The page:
Prayer As Therapy
by Rev. Dale Andrew Warren, Ph.D.
Presented by Saint Luke Evangelical School Of Biblical Studies

Americans are lonely. Every year dozens, perhaps hundreds of stories appear in magazines, newspapers, television and media of every kind about this growing problem. This is in spite of (some might say because of) our affluence, our increased leisure time, our ever-expanding choices of activities and pleasures. Many authors and experts claim that the foundations of American culture are changing so rapidly that families and individuals are having difficulty adapting. Divorce rates climb higher each year. Violence is on the increase with rape and murder leading the way. We now live in a society so impregnated with negative psychological tensions that many people feel like ice cubes about to shatter between the teeth of their environmental pressures. One result of this increasing tension is, both the vast proliferation of people seeking counseling and of counselors offering their services. The increase in interest in the field of counseling has helped trigger imaginative minds to dream up a variety of counseling models by which helping can be accomplished. But this spawns yet a new problem for the potential counselee. Namely, to what kind of counselor shall he turn for help?

One of the first places that a troubled person might turn for help is to a minister. Recent surveys show that up to forty percent of people facing emotional difficulties will turn to their pastors when trials come. While many pastors today are questioning their ability to help troubled people, it is enlightening to know that most people have no lack of confidence in them. Many of the leading professionals in the mental health field are now recognizing that the family minister is a valuable resource for healing. In the past it was common for a pastor to acquire some paraprofessional competency in counseling and to frequently refer troubled people to the ?specialist?. A real chasm developed between the roles of minister as counselor and as pastor. More recently the trend has been to integrate those resources brought from psychology and religion into the field of pastoral counseling. This trend began to develop momentum as long ago as the nineteen sixties when Howard Clinebell, in the book Basic Types of Pastoral Counseling, said,

"Pastoral counseling must come of age in both theory and practice. It must find a new level of self-identity and maturity, by deepening its theological roots, broadening its methodology, and discovering its unique contribution to the helping of troubled humanity, with reference to its own heritage and the other helping disciplines."

One of the most effective yet basic helping tools to come from the area of religion and which is usually ignored by the secular helping professional, is prayer.

The usefulness of prayer as therapy has been studied extensively by researchers at the University of Redlands. Begun by Dr. William R Parker, the inquiries have sought to measure the effectiveness of prayer as a helping tool for troubled people. The general conclusion of these studies has demonstrated that a proper Biblical understanding of the nature of prayer and a proper application of it in human experience has dramatic practical results. Standard scientific methodology has been applied and therapy groups formed. The typical study would divide the people to be counseled into three groups each having fifteen members. Group one would be treated using traditional psychological approaches. Group two would consist of practicing Christians who believe that by their praying they would be helped. They agreed to pray for resolutions to their problems every day for nine months, just prior to retiring. Group three would receive treatment using a therapeutic model called Prayer Therapy. In this model the members of the group would meet for one, two-hour group therapy session per week. At the sessions they would be taught the principles of Prayer Therapy and sent home to apply them in their daily lives. Prior to any therapy, all of the participants received comprehensive psychological testing. At the conclusion of nine months of therapy each group would be tested again. The data gathered and compared demonstrated that Prayer Therapy provided the greatest measure of help of the three. Typical results for each study have been:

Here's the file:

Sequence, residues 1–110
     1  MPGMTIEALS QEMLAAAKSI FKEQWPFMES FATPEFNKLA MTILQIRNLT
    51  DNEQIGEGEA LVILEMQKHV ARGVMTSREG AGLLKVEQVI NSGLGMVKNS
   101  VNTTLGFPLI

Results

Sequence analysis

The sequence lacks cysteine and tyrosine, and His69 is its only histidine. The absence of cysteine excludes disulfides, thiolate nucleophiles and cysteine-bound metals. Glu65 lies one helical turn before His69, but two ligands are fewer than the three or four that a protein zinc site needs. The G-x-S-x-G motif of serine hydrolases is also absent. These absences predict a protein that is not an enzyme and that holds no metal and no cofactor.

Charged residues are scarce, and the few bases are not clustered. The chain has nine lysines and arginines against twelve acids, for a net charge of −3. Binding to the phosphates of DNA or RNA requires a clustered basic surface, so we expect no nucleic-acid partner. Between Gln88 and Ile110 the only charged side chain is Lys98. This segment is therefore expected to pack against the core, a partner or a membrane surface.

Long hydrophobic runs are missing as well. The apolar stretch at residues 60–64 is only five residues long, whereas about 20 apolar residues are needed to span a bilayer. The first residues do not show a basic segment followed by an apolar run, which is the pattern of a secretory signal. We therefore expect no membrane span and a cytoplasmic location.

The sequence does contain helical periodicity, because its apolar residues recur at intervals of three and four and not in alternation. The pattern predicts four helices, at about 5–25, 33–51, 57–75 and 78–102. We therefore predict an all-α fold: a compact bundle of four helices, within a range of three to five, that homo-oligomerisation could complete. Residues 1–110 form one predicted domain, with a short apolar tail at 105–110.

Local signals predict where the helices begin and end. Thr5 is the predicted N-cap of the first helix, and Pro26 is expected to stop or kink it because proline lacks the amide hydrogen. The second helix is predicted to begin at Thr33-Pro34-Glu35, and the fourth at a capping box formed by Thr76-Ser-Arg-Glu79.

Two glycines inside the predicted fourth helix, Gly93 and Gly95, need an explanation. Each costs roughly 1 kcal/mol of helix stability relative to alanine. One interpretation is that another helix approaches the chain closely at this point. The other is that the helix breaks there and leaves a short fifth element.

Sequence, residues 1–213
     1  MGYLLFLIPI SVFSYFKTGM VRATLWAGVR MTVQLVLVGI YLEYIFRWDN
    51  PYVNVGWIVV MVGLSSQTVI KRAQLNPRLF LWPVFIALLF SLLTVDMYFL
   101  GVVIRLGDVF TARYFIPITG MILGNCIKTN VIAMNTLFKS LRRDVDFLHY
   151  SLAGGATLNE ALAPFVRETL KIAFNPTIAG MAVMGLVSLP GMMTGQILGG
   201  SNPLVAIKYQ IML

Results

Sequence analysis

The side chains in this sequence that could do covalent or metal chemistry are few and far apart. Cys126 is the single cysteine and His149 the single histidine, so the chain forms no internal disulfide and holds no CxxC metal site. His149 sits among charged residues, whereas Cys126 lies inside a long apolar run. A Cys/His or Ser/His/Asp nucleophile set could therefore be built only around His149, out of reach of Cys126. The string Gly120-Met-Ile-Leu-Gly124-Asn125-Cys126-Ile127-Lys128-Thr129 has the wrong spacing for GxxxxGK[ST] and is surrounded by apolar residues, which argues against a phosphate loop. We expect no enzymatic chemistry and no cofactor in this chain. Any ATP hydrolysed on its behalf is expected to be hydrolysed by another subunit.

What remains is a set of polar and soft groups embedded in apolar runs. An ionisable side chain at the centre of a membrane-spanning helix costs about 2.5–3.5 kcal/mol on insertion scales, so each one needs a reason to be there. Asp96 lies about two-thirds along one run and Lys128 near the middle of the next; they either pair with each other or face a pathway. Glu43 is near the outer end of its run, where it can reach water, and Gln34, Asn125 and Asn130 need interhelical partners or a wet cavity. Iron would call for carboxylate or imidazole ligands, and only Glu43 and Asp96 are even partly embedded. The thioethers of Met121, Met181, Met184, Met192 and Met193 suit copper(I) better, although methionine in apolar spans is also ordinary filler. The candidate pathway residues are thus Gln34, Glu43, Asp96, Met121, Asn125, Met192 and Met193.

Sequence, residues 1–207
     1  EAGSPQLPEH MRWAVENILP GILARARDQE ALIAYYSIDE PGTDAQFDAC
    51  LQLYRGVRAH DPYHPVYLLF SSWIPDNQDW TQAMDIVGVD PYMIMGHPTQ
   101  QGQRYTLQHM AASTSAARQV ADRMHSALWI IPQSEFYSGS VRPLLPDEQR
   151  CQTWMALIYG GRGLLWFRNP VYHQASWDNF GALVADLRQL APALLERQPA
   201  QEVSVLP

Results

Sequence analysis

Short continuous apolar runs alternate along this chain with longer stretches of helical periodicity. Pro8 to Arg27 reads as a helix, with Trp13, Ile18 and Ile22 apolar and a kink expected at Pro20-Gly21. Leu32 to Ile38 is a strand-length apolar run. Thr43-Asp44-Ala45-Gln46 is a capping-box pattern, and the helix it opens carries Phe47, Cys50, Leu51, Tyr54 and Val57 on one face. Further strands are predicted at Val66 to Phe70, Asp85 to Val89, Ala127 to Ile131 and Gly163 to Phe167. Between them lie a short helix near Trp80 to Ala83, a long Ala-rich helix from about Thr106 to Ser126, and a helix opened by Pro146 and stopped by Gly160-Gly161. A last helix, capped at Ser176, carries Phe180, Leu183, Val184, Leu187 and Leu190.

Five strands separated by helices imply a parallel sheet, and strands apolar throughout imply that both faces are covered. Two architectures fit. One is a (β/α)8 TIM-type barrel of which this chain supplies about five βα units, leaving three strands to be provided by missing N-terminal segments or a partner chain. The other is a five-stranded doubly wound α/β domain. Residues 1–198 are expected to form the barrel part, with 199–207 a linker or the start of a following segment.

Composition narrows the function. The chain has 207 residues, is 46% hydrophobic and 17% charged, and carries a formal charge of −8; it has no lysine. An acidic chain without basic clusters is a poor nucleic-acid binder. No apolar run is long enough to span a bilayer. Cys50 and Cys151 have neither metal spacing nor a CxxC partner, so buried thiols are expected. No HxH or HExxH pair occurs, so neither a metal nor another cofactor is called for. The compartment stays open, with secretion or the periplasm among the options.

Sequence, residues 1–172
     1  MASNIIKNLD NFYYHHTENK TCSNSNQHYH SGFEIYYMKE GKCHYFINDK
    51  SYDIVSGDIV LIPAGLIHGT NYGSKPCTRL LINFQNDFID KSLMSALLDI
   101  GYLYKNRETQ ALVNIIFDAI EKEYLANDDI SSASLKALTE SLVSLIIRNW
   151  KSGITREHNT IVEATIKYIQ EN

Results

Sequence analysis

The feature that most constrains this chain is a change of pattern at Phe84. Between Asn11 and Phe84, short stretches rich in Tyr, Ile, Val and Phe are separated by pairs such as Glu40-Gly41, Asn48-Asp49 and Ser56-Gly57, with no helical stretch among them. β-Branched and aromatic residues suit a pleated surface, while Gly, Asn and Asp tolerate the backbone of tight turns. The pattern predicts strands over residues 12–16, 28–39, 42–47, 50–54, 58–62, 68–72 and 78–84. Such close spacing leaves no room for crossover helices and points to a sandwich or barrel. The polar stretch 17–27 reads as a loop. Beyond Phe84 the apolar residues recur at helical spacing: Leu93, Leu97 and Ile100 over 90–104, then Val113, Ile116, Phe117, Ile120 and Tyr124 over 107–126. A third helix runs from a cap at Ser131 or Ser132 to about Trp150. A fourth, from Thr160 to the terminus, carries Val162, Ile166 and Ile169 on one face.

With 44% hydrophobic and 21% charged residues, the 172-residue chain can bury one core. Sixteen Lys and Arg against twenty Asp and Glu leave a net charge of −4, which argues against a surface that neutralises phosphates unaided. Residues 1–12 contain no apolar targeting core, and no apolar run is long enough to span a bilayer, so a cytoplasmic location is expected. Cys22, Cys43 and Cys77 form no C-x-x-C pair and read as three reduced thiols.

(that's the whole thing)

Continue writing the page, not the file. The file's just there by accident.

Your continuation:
Group One... 65% improvement... (psychology alone)
Group Two... No improvement... (random prayer)
Group Three... 72% improvement ( Prayer Therapy)

It appears that a proper Biblical understanding and application of the principles of prayer as Prayer Therapy can be tremendously helpful in counseling troubled people.

One of the unique features of this model of therapy is the group session approach. Experts say that pastoral counseling can be an instrument of renewal by helping us build what is most difficult to achieve in our period of history...depth relationships. ?Confess your faults one to another, and pray for one another, that ye may be healed.? (Js 5: 16) Dr. Parker founded the school of Prayer Therapy on the premise that one must, in the words of Socrates, ?Know thyself.? While physically produced psychological challenges are generally beyond the scope of the pastoral counselor and should be referred to the physician, Parker taught that the human personality has four basic dysfunctions which are found to a greater or lesser degree in most all people: Fear, Guilt, Inferiority and Hate. Virtually all human psychological problems, not having a physical source, emanate from one or more of these. The troubled person is out of control, out of balance. Their personality is enslaved to one or more of these wicked taskmasters. It is the job of the pastoral counselor to help the individual to uncover which of these dysfunctions are controlling their life and to teach them the specific Prayer Therapy steps to overcome them.

Two antecedent foundations are critical to the success of Prayer Therapy: Honesty and Love. Prayer must be practiced in honesty. This is more difficult than it first appears. The natural tendency of humankind is to support that viewpoint which best suits our own personal interest, Even when we talk to God the human tendency to manufacture our own brand of truth is strong. Then after we produce our own truth we are forced to defend it. Even to the death. A young man in a mental hospital was engaged in conversation with Dr. Earl Jabay, the author of The Kingdom Of Self. He tried to persuade Dr. Jabay about the virtues of neo-Nazism, anti-Semitism, and white supremacy. At a particularly heated moment, Jabay turned to the young man and asked, " 'What do you want... to be right or to get well so as to leave this hospital?' Without a moment's hesitation he exclaimed, "Be right! I don't care if I ever get out of this hospital!' " It is sad to note that this attitude often characterizes our conversation with God, as well. The first step towards healing is to admit, "Houston. We have a problem."